Rub a dub dub,
Three men in a tub,
And no, they weren’t eating, curds and whey.
But they were probably,
Drinking some fermented hops and barley.
Boat launches can be rather busy places in the summertime. Years ago, I was at one getting my semi-freighter canoe loaded. Other people were coming and going.
Suddenly, a big cloud of dust signalled the arrival of a beat up old pick up truck hauling three men and a trailer. On the trailer was an inflatable rubber raft and motor.
The three men looked like they may have worked at the mine and just gotten off from their shift. They were a little boisterous. It looked like they might have had a beer or two already. The Zodiac looked like it had seen better days and it had probably been sitting on the trailer for a while, because it looked a little low on air.
To be fair, they did argue about pumping more air into the boat before they launched it and they did have a foot pump with them. But the biggest fellow, who seemed to be the leader of this adventure, decided “We came here to fish, not pump air. We’ll pump it later, if need be.”
They proceeded to get the boat in the water and loaded it up with their fishing rods, tackle boxes, a big old cooler no doubt full of beer, some packs and a bucket of fried chicken. Then they pushed off and struggled with the oars trying to get the boat turned around and heading in the right direction, along with enough depth of water to start the engine. Maneuvering a Zodiac can be a challenging process, at the best of times.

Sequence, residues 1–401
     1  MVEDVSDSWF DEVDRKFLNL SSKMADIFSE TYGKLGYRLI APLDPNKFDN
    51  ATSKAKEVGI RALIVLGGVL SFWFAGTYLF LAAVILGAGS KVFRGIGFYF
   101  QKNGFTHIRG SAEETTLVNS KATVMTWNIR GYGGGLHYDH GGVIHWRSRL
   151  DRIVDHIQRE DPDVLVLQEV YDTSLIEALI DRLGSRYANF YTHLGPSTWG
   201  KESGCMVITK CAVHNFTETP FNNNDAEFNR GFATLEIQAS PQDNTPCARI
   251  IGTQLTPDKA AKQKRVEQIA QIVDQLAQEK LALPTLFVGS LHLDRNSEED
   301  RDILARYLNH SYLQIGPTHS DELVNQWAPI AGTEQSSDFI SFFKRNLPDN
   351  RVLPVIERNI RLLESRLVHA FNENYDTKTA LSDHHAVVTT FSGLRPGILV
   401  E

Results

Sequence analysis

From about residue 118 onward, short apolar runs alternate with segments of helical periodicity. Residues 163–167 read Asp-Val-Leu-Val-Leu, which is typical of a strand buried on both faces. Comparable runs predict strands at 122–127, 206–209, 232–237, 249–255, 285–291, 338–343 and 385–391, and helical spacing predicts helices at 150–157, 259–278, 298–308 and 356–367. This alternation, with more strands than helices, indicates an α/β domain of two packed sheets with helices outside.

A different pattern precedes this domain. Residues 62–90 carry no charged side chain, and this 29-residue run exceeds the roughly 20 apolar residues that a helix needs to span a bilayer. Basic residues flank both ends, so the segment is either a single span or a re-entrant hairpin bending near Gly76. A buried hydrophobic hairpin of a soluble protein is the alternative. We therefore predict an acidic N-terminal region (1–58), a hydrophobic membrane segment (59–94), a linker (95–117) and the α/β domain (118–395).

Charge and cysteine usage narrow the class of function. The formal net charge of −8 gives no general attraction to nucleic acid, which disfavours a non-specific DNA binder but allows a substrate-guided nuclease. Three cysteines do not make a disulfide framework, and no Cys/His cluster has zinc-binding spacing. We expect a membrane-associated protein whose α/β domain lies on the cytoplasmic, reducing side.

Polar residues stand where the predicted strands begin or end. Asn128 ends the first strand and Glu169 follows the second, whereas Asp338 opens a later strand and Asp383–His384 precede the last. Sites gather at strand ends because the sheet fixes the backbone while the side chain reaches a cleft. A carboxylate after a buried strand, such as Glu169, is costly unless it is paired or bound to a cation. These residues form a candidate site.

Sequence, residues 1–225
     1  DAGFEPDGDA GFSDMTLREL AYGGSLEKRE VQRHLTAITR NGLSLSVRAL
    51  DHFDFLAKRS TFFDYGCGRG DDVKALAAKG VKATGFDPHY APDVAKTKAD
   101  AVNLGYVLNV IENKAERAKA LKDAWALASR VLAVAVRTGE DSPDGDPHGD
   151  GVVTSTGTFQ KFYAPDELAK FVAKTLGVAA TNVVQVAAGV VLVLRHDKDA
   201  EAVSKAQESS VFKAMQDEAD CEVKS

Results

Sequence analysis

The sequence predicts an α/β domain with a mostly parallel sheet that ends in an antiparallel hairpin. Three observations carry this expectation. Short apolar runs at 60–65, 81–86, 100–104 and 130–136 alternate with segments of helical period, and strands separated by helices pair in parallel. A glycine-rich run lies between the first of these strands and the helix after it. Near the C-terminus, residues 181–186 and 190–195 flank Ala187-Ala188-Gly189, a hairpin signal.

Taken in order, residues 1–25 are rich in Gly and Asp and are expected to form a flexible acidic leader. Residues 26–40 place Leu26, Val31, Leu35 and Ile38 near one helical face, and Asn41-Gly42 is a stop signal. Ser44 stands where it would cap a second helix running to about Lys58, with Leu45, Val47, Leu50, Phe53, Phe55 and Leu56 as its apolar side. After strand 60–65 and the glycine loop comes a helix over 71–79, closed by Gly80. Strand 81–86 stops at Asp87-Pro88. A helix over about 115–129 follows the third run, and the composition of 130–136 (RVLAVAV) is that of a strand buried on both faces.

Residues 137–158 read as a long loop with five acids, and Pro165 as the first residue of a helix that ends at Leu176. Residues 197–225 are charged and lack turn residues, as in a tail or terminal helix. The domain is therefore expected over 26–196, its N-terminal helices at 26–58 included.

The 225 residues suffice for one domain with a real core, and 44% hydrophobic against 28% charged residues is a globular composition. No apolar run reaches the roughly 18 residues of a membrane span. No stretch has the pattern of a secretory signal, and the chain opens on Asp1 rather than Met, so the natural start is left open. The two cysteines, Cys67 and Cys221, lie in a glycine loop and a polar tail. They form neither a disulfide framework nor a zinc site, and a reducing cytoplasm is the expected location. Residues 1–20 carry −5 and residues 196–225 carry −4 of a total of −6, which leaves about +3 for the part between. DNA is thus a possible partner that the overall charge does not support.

One of the fellows was on the small and scrawny size so of course he sat in the bow. The other two were much huskier and considerably rounder. One sat in the middle on a plastic milk crate. The third, the biggest fellow was at the back with the engine. He pulled on the starting cord a few times and nothing much happened. So he stood up to get a better pull or five closing in on 10. You could tell he was getting a little frustrated.
The engine had probably gotten flooded but suddenly it roared into life and things began to happen at an accelerating rate. The big fellow who had started the engine, sort of fell and somehow opened the engine to full throttle. The boat surged forward out of control. The bow lifted up, into the air. The fellow in the middle slid to the back and got all tangled up with the captain. Now almost all of the weight was in the back and the bow lifted higher and higher. The little fellow was hanging onto the bow rope for dear life, because he was in the air and looked to be swaying in the wind. Things were flying out of the boat in all directions and screams could be heard.
The boat suddenly bent into an L shape and they soon managed to get it under control by turning the engine off. It had gone 100 metres down the lake in a spectacular display of boatmanship. With the roar from the engine stopped, it was eerily quiet at the boat launch. We all just stared in amazement. It really had been a spectacle.
When we heard some curse-like noises, ones that you wouldn’t want children to hear, drifting across the lake, it was a relief that they were still alive, and we didn’t have to rush out and save anyone from drowning. This was back in the days when life jackets were optional so of course they chose the option not to have any. They certainly didn’t look like swimmers so getting them ashore, had they flipped over, would have been a very big chore.
While the Zodiac crew sorted themselves out, a couple fellows in a Lund kindly zigzagged towards them picking up stuff that had fallen overboard. Collecting up all the beer that had floated out of the cooler, seemed to be a priority, soggy fried chicken, not so much.
If boat launches could talk, I am sure they would have some tales to tell.